This. It's not even more sensational if it fails after 'seconds' rather than in a minute, so this is probably a routine journo hyperbole, the problem is, as you say, that they write without considering the target audience (i.e. they don't give a shit about them).
Birds use a simpler approach: no 3d modeling; they just respond to relative speed of edges on their retina.
This. While most replies assume it's okay for local responders to triage, it's just a waste of time. Even calling security adds a layer of indirection. In case of emergency, call 911 and then security - this way the ambulance will be on the road and security will still have ample time to give guidance to them.
The fact that people obviously versed in the art are commenting on Slashdot, rather than excitedly hunching over the algorithm, putting it in whatever they work on, is telltale sign that it's not as revolutionary as the gushing summary states.
Alphabet, the wholly owning subsidiary of Google
Why would anyone switch to encrypted if unencrypted packets get higher priority?
Because the ISP can't tell what is being encrypted. Naturally, if torrents are throttled and encrypted streams aren't, then all P2P data sharing will move to encrypted.
Thanks, got it!
The simulation part is very performance intensive, but the visualizations themselves look like something you could do with WebGL, or often, just some SVG and CSS. What are the thousands of cores used for? Not even a super-high resolution seems warranted, because of the continuity of material properties etc. Apparently the result is some 3D model which can be interactively rotated and zoomed, likely on a single local machine that takes direct input from the user, i.e. the thousands of cores don't even seem to do the real time part of the rendering.
Doubles as a password.
I'm gonna whoosh on this but there was something about the approachability of computers for kids in the Commodore era. Kids of course including girl kids too. You took out a keyboard-sized device, plugged it in the wann and a tv, switched it on mechanically, and you were instantly greeted with a REPL prompt. There was no facebook or web or 'online', so you had a chance to explore what it does, do some programming initially with a book or magazine article on the side, and of course gaming.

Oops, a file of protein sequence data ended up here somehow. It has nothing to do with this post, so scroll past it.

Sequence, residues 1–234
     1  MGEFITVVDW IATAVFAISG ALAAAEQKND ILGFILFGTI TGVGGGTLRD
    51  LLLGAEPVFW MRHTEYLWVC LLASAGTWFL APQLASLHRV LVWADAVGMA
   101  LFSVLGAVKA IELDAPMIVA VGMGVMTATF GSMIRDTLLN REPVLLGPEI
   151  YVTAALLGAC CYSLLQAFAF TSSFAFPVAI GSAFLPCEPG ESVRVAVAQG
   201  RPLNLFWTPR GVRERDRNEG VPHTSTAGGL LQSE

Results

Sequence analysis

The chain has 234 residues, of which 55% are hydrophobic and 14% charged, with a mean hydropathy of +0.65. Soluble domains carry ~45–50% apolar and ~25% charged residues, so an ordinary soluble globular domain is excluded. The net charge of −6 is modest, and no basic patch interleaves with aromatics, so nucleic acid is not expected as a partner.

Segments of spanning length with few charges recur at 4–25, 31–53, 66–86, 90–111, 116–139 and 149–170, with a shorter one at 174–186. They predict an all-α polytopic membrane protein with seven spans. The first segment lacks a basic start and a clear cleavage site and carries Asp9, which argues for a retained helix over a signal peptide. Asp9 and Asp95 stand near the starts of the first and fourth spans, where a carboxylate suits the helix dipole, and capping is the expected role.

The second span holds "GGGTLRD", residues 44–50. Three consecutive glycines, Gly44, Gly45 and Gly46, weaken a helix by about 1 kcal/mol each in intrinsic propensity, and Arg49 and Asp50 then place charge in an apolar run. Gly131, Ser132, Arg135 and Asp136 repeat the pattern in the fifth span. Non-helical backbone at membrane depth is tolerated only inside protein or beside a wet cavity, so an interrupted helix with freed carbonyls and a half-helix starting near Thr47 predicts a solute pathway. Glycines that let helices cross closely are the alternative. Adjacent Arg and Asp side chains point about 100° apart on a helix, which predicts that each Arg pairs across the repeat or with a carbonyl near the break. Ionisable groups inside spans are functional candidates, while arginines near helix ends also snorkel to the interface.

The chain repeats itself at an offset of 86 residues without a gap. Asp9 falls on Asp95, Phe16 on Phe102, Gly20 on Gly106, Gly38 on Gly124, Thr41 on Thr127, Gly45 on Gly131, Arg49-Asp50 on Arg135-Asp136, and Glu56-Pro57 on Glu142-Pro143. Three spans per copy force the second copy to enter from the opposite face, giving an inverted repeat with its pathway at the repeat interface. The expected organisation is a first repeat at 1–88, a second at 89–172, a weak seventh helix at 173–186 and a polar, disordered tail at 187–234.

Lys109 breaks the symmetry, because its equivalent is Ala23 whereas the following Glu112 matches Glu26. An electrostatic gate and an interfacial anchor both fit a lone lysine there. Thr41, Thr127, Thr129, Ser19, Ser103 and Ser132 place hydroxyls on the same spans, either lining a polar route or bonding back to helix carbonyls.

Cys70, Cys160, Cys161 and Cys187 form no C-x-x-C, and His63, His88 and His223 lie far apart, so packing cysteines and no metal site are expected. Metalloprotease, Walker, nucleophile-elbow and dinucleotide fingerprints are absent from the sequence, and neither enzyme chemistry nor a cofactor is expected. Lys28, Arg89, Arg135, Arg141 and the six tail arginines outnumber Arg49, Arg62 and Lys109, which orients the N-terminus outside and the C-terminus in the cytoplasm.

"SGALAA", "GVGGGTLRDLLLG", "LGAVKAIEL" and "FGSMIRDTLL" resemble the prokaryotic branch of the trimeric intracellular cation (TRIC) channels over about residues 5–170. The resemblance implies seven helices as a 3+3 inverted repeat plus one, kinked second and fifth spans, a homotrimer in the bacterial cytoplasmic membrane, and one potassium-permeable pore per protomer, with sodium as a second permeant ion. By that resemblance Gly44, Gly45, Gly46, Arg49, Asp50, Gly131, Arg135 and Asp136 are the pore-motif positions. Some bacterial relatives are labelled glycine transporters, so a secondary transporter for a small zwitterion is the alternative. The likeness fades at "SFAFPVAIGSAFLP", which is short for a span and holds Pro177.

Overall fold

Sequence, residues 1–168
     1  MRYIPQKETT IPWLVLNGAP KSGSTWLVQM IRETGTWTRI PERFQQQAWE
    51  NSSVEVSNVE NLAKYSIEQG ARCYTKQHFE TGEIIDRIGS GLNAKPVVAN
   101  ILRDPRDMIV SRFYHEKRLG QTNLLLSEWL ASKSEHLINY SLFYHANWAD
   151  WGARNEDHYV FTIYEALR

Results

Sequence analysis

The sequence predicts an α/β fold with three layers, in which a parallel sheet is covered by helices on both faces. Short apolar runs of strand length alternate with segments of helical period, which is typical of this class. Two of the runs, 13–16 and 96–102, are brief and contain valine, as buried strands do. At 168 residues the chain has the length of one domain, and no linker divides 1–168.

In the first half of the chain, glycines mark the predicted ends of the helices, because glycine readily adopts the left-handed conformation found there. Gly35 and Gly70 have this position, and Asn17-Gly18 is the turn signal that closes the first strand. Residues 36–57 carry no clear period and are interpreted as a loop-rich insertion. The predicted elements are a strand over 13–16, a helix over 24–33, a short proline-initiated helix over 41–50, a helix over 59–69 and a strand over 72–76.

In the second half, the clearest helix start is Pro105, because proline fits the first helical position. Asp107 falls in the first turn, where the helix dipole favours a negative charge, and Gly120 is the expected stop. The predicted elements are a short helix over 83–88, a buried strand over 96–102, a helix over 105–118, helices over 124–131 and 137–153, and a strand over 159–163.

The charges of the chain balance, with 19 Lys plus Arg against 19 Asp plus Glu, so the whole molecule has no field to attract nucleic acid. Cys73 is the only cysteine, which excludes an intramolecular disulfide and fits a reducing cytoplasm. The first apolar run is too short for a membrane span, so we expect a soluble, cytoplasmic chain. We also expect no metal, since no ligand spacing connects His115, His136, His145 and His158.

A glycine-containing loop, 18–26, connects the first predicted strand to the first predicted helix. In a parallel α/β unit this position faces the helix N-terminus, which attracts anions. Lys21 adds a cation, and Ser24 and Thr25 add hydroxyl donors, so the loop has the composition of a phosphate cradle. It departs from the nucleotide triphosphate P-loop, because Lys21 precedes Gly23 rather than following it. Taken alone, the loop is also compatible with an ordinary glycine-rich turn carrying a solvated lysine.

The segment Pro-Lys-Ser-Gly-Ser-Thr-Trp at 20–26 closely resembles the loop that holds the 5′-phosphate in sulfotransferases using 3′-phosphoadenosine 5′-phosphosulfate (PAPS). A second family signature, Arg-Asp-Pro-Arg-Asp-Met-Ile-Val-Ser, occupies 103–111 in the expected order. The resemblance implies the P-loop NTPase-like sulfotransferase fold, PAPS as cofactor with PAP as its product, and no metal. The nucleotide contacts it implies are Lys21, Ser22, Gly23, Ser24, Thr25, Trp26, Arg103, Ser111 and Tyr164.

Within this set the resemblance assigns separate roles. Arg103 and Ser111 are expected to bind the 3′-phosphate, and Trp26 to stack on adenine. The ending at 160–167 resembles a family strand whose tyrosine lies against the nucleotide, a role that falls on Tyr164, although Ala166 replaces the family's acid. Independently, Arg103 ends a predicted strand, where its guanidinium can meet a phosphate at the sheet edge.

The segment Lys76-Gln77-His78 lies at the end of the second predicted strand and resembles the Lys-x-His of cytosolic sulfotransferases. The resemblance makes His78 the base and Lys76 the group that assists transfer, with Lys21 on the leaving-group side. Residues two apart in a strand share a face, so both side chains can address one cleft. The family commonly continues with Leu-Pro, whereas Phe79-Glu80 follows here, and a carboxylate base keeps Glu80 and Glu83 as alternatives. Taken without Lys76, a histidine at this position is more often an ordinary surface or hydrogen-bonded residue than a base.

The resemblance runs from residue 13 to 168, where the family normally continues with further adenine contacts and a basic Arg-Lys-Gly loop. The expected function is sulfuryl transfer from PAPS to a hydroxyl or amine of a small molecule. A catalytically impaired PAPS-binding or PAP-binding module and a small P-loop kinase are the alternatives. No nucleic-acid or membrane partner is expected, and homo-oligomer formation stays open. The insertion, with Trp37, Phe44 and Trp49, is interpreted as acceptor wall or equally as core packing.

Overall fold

Now, a kid has to wade through lots and lots of unappealing layers (the OS, installing some language, selecting its application etc.) and alternative diversions (social, slashdot etc.) and the programming part, to a beginner, can feel really artificial, they can't create anything like what surrounds them on the desktop.
So, in the past, using a personal computer typically meant programming, and the meaning first shifted to using Lotus / Excel / Word, then to just browsing. From programming, to content creation, to content consumption.
I see you waited with getting your six digit accout as long as you could
No worries unless it turns out someone has another 249 patents like this, which actually isn't a lot of patents.
A 7 digit id can be a result of a rich, fulfilling professional and personal life (no time for slashdot posting; only reading when it was still worth it); he might also be a good listener who didn't speak up on first inclination (i.e. didn't need a user id). In the good old days the summaries were still bad, but there was enough meat in the discussion to reverse engineer what it was about. These days, I'd have to RTFA - I'm in the middle of the stream and still haven't an idea of what Apple did as optimization that was proprietary, not to mention how many other CPU patents there may be that will have a similar outcome. A billion here, a billion there and pretty soon you're talking real money.
"Everybody is talking about the weather but nobody does anything about it." -- Mark Twain